Getting back into the swing of things after the holidays can be a drag. Setting your alarm, packing your lunch, and all the things you were excited to stop doing for a little while are back in full-force. Just because it’s January, though, doesn’t mean you can’t have fun. To help out, here are five exhibitions to see in London that will give you plenty to do to break up the monotony.
Victoria & Albert Museum, through March 8th, £15
Tim Walker is no stranger to capturing the most exotic and ahead-of-the-crowd fashion, nor is he new to the museum world. Based in London, Walker is one of the most renowned fashion photographers and his exhibition is nothing less than vibrant. Three years in the making, ‘Wonderful Things’ is Walker’s take on the museum’s collection. Using everything from Alexander McQueen’s red dress from the Horn of Plenty collection clad in its dust bag to a 17th century embroidered casket, the exhibition crossed centuries with Walker’s own brand on unique character.
Serpentine Gallery, through February 2nd, free entry
The works in Albert Oehlen’s self-titled bring together surrealism, expressionism, and amateurism in a dizzying collection of works created over the past four decades. Timeout put it best that the works feel like they’re the ‘result of mainlining cold brew after starting the day on three macchiatos.’ The excitement of Oehlen’s works is accompanied by music created by Steamboat Switzerland, an avant-garde trio. A central component of the exhibition is Oehlen’s interpretation of the Rothko Chapel, a Texas chapel featuring the work of Rothko.
Tate Modern, through March 15th, free entry
Born just after the turn of the century, Dora Maar was a force to be reckoned with. Shifting from painting to photography in the 1930s, her monochromatic renderings are simultaneously stunning and eerie. Her subjects ranged from the commercial fashion industry to the street life of Paris to major figures in the surrealist movement. Maar’s works have long been overshadowed by her tumultuous affair with Pablo Picasso. The nine-room exhibition does not leave this out, either, with an entire room dedicated to Picasso’s renderings of Maar. While together, they impacted each other’s works, but their relationship would not sustain and it would affect Maar, who underwent shock therapy for her deep depression, for a long time after its end.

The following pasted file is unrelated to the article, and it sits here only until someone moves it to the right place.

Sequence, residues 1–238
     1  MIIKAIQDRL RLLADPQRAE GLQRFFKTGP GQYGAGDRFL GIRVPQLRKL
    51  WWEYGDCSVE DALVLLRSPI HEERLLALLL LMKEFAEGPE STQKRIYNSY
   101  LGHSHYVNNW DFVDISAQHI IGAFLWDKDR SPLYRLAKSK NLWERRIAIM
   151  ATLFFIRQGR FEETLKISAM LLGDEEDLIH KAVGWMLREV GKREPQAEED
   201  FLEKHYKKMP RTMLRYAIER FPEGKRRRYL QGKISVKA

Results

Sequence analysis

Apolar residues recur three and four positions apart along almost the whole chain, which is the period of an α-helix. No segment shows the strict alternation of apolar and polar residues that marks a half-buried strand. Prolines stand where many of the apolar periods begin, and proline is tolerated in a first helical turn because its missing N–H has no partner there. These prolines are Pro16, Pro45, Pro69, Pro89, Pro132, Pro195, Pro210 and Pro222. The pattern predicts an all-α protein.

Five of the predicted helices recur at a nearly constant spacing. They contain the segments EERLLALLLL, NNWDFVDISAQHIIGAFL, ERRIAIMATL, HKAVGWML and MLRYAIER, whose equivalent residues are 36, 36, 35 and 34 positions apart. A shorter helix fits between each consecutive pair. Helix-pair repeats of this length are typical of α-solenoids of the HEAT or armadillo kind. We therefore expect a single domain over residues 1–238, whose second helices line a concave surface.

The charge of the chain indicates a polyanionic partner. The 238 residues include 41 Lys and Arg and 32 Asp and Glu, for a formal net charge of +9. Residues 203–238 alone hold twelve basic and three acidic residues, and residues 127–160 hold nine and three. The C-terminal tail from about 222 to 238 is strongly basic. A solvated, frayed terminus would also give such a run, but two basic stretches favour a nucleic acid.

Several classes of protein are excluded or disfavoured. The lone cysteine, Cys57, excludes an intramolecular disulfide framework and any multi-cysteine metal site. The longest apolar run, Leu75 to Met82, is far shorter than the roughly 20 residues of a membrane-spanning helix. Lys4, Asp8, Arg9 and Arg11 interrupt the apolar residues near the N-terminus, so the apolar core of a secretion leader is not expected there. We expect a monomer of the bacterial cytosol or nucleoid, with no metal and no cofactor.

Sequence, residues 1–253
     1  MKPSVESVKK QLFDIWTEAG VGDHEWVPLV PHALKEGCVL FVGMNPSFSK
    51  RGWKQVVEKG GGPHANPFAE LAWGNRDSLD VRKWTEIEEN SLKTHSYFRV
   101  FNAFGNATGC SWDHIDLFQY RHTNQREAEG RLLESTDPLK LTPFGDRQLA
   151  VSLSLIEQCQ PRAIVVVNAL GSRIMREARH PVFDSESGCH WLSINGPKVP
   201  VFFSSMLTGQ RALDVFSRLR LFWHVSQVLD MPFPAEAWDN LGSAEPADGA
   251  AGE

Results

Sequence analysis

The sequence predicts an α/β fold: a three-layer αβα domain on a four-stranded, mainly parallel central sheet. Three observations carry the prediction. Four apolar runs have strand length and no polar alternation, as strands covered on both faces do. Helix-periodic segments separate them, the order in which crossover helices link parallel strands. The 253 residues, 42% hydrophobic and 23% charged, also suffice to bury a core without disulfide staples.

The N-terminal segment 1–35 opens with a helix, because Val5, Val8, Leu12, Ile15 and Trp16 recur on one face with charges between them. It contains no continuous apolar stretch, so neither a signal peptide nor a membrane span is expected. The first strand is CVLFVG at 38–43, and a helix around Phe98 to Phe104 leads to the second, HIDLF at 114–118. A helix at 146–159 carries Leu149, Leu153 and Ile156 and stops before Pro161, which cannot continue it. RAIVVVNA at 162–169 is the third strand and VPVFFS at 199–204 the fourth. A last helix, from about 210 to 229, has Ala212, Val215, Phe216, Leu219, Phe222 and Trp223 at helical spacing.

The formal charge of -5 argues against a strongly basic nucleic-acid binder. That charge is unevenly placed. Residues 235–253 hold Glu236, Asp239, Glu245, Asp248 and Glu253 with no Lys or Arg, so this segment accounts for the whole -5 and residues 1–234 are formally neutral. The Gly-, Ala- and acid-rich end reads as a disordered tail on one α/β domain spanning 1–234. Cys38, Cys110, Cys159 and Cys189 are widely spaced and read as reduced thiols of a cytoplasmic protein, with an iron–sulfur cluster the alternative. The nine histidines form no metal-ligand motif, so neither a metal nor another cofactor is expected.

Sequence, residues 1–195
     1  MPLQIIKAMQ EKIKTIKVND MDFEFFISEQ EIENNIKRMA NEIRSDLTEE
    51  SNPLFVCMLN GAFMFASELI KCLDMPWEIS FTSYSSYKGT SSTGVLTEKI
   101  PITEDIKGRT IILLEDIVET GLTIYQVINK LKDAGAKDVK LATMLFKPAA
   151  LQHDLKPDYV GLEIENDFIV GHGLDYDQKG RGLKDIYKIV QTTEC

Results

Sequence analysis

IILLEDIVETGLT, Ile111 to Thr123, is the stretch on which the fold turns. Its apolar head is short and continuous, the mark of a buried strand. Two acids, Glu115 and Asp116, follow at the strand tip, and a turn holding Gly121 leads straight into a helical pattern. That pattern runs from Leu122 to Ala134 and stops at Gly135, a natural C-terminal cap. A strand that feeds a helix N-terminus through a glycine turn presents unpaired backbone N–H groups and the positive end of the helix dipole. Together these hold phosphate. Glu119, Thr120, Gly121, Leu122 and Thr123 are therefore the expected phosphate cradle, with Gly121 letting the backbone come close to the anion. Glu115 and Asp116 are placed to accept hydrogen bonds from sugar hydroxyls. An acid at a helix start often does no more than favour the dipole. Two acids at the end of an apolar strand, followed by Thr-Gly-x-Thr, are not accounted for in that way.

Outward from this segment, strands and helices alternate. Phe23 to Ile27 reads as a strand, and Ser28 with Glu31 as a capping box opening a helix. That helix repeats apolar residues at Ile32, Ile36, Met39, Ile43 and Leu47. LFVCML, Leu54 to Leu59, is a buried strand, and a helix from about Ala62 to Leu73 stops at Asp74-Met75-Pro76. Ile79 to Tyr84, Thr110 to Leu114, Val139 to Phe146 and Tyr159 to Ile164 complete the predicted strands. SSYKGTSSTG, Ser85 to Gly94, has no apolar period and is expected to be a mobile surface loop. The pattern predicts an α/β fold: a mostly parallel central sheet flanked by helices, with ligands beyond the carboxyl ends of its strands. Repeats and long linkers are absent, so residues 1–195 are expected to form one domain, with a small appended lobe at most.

Dulwich Picture Gallery, February 2nd, £16.50
At a time when Leonardo da Vinci’s life is overshadowing most other anniversaries, ‘Rembrandt’s Light’ celebrates the 350th anniversary of the Dutch Master’s death. In its final weeks, the exhibition is all about the lighting, as was Rembrandt. The exhibition focuses on works from 1639-1658, when Rembrandt was working in his Breestraat, light-filled studio that features in works like The Artist’s Studio and was where Rembrandt created a number of his masterpieces. The exhibition takes light to another level utilizing Erco’s LED Bluetooth lighting system for the first time. In the final gallery of the exhibition, lighting is further toyed with as a number of portraits by Rembrandt are hung against walls painted in Black 3.0, artist Stuart Semple’s response to Vantablack.
Barbican Centre, through January 16th, £15-17
You might be participating in Dry January but get to the Barbican Centre before ‘Into the Night’ closes and take a look at the heyday of cabarets, clubs, and art through the lens of a number of cities from Berlin to Osbogo to Mexico City. Chances are you’ve never heard of the a lot of the haunts highlighted in the exhibition but in their short-lived lives, they made headlines, were the sights of scandals, and changed the course of entertainment, art, and nightlife.